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    UN, DR Congo Army Must Cooperate to Stop Killings as Death Toll Rises: HRW

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    Human Rights Watch stated that United Nations and Democratic Republic of the Congo (DR Congo/DRC) Army need to take joint measures to effectively stop the weekly attacks in eastern parts of the African country.

    MOSCOW, December 16 (Sputnik) — United Nations and Democratic Republic of the Congo (DR Congo/DRC) Army need to take effective measures together to stop the weekly attacks in eastern parts of the African country which have claimed more than 180 civilian lives since October, Human Rights Watch (HRW) said in official statement Tuesday.

    "UN and Congolese forces need to urgently coordinate their efforts and improve protection of civilians in [city in north eastern DR Congo] Beni," Ida Sawyer, senior Congo researcher at HRW, was quoted as saying in the statement.

    Congo's President Joseph Kabila Kabange addresses the 67th session of the United Nations General Assembly at U.N. headquarters
    © East News / Frank Franklin II/AP/UNFF119

    Rebel fighters have killed at least 184 civilians and wounded hundreds of others between October 5 and December 6 during attacks on villages in the Beni territory of DR Congo, HRW reported. The actual number of victims is likely to be significantly higher, as Congolese human rights activists confirmed more than 230 people killed in the Beni district since the beginning of October.

    "Large-scale rebel attacks occurring nearly weekly have terrorized residents of Beni and left them uncertain where to seek safety," Sawyer added.

    HRW stresses a lack of coordination between the Congolese army and the United Nations Organization Stabilization Mission in the DRC (MONUSCO). Survivors told HRW that the local army either delays their response to the attacks or provides no response at all. HRW says that the local army still resists coordination with UN officials and blocks MONUSCO troop access to attacked areas.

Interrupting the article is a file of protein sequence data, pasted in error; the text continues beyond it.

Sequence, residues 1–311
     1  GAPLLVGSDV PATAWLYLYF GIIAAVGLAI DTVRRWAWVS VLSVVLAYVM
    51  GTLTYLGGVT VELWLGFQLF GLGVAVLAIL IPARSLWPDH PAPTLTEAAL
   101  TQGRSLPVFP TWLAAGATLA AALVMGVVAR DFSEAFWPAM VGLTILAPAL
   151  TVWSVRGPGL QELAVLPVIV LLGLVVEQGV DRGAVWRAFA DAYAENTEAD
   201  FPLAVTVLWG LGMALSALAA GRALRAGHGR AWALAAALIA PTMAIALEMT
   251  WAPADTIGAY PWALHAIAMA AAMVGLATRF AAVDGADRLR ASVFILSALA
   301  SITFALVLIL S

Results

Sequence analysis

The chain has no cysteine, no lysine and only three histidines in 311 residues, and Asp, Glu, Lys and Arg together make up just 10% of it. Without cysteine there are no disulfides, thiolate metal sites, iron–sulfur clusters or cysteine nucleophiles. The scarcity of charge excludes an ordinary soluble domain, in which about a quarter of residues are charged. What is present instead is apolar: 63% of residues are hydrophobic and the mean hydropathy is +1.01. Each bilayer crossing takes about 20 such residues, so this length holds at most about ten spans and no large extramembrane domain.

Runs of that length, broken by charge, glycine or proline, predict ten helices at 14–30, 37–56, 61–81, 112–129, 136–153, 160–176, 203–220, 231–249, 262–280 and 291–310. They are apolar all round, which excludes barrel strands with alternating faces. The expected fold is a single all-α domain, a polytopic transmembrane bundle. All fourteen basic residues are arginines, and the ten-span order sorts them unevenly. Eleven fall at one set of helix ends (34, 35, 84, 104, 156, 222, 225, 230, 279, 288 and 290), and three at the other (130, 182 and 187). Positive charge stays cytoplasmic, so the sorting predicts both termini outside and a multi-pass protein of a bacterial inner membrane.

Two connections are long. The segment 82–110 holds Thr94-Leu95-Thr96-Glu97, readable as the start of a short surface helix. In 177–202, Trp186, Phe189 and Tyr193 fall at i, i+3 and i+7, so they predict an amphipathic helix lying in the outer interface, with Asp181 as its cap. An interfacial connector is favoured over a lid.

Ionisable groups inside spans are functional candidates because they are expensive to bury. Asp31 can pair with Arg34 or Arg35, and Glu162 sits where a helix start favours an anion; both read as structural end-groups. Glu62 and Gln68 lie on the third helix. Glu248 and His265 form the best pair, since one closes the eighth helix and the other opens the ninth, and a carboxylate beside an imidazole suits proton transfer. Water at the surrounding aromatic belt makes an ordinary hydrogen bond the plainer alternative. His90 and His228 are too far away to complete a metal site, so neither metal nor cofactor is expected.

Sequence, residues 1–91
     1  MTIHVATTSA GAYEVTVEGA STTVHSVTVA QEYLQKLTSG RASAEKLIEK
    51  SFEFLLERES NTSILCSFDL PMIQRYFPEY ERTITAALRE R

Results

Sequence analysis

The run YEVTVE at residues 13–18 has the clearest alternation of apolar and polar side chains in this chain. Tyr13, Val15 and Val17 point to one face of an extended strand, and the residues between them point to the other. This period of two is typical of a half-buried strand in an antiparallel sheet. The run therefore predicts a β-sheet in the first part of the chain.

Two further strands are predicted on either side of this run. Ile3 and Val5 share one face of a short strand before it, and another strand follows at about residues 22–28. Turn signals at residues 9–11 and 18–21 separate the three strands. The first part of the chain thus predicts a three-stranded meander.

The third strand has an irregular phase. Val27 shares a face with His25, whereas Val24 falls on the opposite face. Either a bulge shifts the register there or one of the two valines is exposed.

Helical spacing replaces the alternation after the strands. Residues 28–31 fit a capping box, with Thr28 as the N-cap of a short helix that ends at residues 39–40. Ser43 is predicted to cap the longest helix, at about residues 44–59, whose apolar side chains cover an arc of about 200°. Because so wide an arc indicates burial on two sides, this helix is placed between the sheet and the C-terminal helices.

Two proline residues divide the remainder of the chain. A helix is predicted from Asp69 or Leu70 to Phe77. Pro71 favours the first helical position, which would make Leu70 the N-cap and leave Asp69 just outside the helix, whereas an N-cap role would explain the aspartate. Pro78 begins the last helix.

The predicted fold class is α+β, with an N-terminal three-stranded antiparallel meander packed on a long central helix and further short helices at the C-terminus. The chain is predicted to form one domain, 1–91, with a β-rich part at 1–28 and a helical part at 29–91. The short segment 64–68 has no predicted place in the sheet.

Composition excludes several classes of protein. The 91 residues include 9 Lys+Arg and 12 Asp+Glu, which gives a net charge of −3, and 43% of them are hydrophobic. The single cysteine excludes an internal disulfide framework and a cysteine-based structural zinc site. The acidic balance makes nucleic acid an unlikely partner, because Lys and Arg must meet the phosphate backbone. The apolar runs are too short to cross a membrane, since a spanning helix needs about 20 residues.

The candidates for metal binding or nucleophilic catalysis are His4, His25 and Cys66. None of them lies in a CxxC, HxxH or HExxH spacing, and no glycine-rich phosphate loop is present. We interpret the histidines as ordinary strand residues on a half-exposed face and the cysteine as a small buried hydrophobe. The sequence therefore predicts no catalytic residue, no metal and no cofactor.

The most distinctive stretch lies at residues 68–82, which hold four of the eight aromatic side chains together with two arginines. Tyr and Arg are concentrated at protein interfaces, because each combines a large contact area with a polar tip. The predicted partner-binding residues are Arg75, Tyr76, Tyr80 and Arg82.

Though MONUSCO has noticeably increased its presence in the Beni area in recent months, there has been no reduction in hostilities.

    UN and local army officials accuse the rebels of belonging to the Allied Democratic Forces (ADF), a Uganda-based Islamist rebel group with splinter cells acting in the Beni territory since 1996. The ADF was purportedly destroyed by the Uganda Peoples Defense Force in 2004 and surviving members escaped to eastern DRC.

    On Monday DRC's President Joseph Kabila urged the UN to reduce the size of the MONUSCO contingent in the Congo territory, claiming that the situation in the country had improved.

    A peacekeeping operation was established in DR Congo in 1999 to observe the ceasefire between DRC and five regional African States. The UN peacekeeping presence was strengthened in 2010 to almost 20,000 personnel.

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    violence, Human Rights Watch, Democratic Republic of Congo
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